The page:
“Crispina is very much an activist and artist,” Katzoff said, noting that ffrench is also in the process of installing a commercial kitchen in the church building for local food artisans.
For its upcoming season, the festival will have events at ffrench’s Shire City Sanctuary from Aug. 2-18. To celebrate The Berkshire Fringe’s first double-digit anniversary, a celebration and fund-raiser titled “Retro Spectacle” will kick off the festival on Saturday, Aug. 2.

Katzoff credits Megan Whilden, Pittsfield’s director of cultural development and a self-professed Fringe fan, for being instrumental in making the move happen.

Whilden said she’d had the festival in her sights since the beginning.
“Ever since the Fringe was founded, I’ve thought that Pittsfield was the perfect place for it, because I think of fringe festivals as being imbedded in street life and community, and we have so many different kinds of spaces to use here,” Whilden said.

Katzoff said her conversations with Whilden developed over time, and her interest in Pittsfield grew through her work WAM Theatre, an organization founded in 2010 whose performances are intended to benefit women and girls.

“Over the years we’ve stayed in touch, because Megan’s a great champion of the arts,” Katzoff said. “I’ve directed a couple of shows for WAM in Pittsfield, and it just felt like a great fit.”
Whilden said the fringe festival fits perfectly with Pittsfield’s effort to reinvent its downtown as a center for the arts and cultural events. She cited some of the successes of the past 10 years: the Third Thursdays street festivals, the First Fridays Artswalk, the Pittsfield CityJazz Festival, the WordXWord spoken word festival, the 10x10 Upstreet winter arts festival and, most recently, the plans for a free outdoor Shakespeare performance at Springside Park.
“I think we’re known for being welcoming to new creative enterprises,” she said.


Keeping art accessible
Katzoff said that although the theater at Simon’s Rock was a great venue architecturally, the out-of-town location of the college campus put the festival farther out of reach than its directors wanted it to be.

“The new space isn’t necessarily bigger,” she said. “It’s a more fringy space. Our former space was a more traditional theater venue, whereas this is unconventional. It’ll be a challenge to figure seating and lighting, but also an adventure.”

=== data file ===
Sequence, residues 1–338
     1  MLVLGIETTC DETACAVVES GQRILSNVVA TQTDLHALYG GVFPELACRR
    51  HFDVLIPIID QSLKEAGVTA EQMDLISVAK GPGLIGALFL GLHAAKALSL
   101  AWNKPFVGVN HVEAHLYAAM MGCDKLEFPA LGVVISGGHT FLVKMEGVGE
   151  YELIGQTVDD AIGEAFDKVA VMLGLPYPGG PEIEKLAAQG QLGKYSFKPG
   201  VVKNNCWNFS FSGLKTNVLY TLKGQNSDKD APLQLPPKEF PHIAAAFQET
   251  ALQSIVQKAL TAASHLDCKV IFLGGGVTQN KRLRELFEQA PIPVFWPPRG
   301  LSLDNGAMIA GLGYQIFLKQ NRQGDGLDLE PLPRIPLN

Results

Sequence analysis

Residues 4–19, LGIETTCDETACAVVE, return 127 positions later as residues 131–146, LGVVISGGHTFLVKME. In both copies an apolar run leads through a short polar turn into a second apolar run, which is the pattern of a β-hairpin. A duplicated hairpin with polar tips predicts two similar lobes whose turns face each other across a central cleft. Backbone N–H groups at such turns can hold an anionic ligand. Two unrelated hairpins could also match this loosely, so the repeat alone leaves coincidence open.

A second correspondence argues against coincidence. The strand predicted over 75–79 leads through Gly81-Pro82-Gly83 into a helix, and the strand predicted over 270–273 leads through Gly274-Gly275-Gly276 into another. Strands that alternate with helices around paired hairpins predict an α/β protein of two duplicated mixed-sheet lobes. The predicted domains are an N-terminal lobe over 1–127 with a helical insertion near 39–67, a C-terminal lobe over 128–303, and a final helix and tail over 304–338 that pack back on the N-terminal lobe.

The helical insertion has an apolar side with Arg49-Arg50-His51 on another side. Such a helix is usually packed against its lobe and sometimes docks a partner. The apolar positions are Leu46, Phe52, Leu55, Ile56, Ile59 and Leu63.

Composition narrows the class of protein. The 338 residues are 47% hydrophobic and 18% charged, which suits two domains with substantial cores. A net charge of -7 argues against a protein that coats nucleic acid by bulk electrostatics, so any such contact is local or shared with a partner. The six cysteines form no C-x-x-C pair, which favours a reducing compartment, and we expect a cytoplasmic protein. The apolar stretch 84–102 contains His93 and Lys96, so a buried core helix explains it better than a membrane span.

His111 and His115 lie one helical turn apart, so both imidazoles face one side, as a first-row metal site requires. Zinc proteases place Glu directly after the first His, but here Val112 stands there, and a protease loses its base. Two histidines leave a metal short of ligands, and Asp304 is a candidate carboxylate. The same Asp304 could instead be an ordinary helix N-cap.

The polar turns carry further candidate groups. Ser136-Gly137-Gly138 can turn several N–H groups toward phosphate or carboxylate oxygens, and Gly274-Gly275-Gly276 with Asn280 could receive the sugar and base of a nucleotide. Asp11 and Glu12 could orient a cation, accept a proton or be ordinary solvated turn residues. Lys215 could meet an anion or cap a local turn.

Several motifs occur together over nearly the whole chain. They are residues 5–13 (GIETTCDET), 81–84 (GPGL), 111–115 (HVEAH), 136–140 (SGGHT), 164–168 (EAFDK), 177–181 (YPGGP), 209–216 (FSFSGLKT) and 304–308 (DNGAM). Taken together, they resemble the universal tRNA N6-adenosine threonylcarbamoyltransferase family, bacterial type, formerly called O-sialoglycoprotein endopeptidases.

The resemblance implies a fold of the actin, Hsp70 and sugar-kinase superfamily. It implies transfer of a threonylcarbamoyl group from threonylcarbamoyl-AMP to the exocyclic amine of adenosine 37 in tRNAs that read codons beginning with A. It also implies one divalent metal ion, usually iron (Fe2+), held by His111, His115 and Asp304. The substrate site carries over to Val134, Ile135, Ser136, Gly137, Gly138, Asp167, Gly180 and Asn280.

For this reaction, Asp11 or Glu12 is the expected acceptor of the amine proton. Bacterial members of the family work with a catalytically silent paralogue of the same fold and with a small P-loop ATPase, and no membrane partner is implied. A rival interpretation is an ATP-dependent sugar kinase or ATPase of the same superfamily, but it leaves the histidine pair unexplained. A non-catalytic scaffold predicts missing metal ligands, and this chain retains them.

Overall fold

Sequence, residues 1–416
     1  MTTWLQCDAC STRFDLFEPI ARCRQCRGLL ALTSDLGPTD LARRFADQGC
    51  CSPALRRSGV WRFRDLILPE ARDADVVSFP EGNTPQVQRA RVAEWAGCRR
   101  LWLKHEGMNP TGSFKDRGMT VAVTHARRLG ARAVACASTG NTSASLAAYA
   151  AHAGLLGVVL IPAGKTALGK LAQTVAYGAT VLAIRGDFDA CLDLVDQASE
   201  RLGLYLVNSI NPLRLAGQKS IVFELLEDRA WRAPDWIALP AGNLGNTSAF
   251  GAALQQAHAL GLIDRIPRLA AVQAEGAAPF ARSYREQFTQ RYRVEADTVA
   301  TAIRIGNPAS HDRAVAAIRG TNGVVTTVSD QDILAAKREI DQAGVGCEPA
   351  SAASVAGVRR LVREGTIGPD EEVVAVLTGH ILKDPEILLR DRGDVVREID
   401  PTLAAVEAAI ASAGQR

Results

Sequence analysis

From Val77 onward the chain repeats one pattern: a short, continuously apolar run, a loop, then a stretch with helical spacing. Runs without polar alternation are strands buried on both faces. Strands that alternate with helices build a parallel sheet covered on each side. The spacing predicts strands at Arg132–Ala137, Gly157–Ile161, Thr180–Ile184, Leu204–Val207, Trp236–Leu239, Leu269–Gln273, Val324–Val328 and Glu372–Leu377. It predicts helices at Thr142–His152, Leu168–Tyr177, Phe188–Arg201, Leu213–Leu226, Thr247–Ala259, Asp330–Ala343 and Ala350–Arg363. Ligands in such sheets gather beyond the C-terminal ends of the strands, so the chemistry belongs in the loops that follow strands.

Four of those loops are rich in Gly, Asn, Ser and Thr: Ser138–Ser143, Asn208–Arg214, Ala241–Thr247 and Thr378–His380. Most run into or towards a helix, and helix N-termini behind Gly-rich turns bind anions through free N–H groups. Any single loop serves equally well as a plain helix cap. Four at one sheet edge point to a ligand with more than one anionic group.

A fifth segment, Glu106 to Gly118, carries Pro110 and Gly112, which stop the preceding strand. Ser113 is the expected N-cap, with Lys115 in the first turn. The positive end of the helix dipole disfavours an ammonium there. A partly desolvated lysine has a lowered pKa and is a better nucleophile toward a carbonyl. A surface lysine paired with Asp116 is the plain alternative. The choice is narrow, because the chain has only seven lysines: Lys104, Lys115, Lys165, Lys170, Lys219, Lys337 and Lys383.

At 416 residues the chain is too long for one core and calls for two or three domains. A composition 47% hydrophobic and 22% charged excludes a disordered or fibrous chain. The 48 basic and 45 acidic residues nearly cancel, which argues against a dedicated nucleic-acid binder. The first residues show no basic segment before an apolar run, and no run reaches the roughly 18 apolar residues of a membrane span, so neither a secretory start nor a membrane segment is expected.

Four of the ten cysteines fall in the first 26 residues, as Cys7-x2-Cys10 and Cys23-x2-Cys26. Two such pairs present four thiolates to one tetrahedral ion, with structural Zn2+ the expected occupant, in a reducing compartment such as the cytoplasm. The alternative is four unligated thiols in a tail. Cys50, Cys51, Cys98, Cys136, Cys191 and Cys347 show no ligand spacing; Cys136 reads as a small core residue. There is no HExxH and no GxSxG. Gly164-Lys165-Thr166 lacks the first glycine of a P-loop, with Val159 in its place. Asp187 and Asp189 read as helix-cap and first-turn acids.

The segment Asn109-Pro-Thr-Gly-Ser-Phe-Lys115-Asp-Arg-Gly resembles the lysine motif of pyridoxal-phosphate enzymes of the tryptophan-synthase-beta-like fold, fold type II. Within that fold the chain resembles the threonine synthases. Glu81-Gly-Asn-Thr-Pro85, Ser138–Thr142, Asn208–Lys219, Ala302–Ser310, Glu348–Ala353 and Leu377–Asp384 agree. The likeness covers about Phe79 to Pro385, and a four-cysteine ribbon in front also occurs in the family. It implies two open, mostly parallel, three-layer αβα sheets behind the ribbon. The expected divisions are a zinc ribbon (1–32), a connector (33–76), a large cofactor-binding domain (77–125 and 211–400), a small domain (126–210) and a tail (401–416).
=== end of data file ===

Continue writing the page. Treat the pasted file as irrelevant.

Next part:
With the festival still dedicated to affordable pricing, Katzoff said she hopes the more visible and central location will allow it to attract a larger audience.

“From the start, our mission has been to create a more accessible cultural experience,” she explained. “I sometimes don’t get out to things, because ticket prices are pretty high. Our highest ticket price is $20. It’s more of a movie-ticket model, and because of it, we have a lot of families coming as well as first-time theatergoers.”

One of the festival’s most popular events is its occasional “pick your own ticket price” night, at which patrons pay what they’re able.

“People show up and bring spare change,” Katzoff said. “Sometimes farmers bring us a CSA share. We do the ‘pay what you can’ on opening night, which is the reverse model of most theater companies, but we feel it helps connects people to the arts.”

The festival gets regular grant support from the Massachusetts Cultural Council, individual contributions and development campaigns as well as an annual gala that raises one-quarter of the group’s budget.

Looking ahead to the 2014 season, Katzoff said she and her partners are anticipating their most vibrant year ever.

“It’s a great location; we love that we’re a part of the Upstreet hub,” Katzoff said, referring to Pittsfield’s arts district. “It will allow us to be more out in the community and interface more with residents and tourists. We’ll be close to where people are shopping and running errands and eating at restaurants.”

“The fringe festival’s former location was more a destination: You had to plan a visit and make your way there,” Katzoff said. “We were in our own little bubble for awhile. There’s a new exciting energy in Pittsfield. Everyone’s been very warm and welcoming.”

For more information on the Berkshire Fringe’s 2014 season, visit www.berkshirefringe.org or call (413) 320-4175.